March 12, 2021 | Aimee L. Wilcox, CPMA, CCS-P, CST, MA, MT, Director of Content, innoviHealth
Because deaths due to drug overdose is a nationwide epidemic, federal, state, and private organizations created substance use disorder (SUD) programs to treat patients who abuse alcohol or other illicit substances, or who have a history of prolonged use of prescription narcotics/opioids.
The Drug Enforcement Administration (DEA) places each drug into a category known as a schedule. Each schedule classifies drugs, substances, or chemicals along with its medical value and potential for abuse. Schedule I, II, and III drugs have the highest potential for abuse, treated for in SUD programs. A list of scheduled drugs can be seen at https://www.dea.gov/drug-scheduling.
States track the number of deaths from drug-related overdoses and promote additional prevention through SUD programs such as Medication-Assisted Treatment (MAT). MAT program services are often reimbursed by federal, state, and commercial payers. As with any program, services are audited for compliance and proper coding. The best way to understand what may need to be submitted for review in an audit is to understand how these programs generally function.
MAT programs prescribe and administer methadone or buprenorphine to patients to reduce opioid cravings and eliminate dependency. Once abstinence has been obtained and maintained for a period of time determined by the patient’s individual treatment plan, the patient is slowly backed off from methadone or buprenorphine use until they can maintain their own sobriety. Counseling services are provided to patients all throughout the program for support, as use in dependency is often triggered by stressful events, and counseling and skill-building help patients manage these triggers better.
Admission paperwork must be reviewed and signed by the patient before program admittance. Program admission usually includes a comprehensive physical and mental examination, testing (e.g., hepatitis B, TB, and urine for illicit drugs), consenting to randomized drug testing, security, HIPAA, anti-diversion, payment, privacy, medication handling, and other rules and guidelines.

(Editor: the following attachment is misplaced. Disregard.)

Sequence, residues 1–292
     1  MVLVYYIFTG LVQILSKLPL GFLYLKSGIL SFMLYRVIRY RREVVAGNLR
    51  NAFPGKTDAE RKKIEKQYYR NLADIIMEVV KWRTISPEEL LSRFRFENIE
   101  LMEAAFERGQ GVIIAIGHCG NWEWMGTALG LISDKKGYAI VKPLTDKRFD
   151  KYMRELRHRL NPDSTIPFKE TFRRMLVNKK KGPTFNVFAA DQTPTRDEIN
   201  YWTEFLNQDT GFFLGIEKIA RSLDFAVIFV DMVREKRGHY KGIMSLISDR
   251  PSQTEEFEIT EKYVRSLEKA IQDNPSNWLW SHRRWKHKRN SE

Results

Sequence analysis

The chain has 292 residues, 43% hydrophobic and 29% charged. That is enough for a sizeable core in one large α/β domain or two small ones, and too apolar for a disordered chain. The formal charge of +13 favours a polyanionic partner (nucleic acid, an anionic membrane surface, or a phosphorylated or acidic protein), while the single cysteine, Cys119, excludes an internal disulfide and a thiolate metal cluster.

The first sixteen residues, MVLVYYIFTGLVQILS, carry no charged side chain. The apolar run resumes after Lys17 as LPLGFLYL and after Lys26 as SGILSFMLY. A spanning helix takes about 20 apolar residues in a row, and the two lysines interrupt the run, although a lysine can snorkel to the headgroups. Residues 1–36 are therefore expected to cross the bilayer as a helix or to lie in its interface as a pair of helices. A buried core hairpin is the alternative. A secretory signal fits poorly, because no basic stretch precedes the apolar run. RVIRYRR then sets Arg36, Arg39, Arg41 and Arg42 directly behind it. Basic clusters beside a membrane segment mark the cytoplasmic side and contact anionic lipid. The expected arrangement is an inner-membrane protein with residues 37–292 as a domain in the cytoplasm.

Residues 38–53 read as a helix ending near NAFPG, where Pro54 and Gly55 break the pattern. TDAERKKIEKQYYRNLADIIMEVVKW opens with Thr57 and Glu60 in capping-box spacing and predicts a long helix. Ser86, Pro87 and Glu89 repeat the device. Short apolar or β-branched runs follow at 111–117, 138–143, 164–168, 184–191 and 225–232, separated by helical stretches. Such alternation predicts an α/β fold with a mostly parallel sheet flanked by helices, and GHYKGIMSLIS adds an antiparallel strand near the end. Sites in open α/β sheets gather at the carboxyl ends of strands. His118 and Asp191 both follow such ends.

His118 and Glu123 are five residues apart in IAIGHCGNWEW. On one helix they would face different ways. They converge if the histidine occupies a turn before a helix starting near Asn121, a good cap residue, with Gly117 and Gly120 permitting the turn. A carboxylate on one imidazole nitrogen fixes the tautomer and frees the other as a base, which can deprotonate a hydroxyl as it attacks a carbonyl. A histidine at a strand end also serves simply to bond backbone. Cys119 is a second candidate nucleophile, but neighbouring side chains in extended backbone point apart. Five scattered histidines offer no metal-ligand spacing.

Medication Dose Determination and Administration
Methadone or buprenorphine dose determination is performed by the physician managing the patient’s treatment program by way of prescription. While it may be administered by the physician, usually this task is delegated to licensed nursing staff (e.g., LPN, RN). Federal and state dispensing laws must be adhered to for dose determination, administration, and take-out dose dispensing, including documentation maintained in the medical record that includes:
- A signed, written or electronically entered prescription for the drug being administered, including strength, quantity, and dose frequency.
- Documentation identifying the clinical staff member who administered the prescribed medication, including the medication name, strength, quantity administered/dispensed as take-out doses, and medication lot number (in case there was a manufacturing problem)
- Documentation of any take-out dose(s) provided to the patient, including the name of the clinical staff member who dispensed the medication, date, time, lot number, and dosing instructions for at-home use.
Urine Drug Testing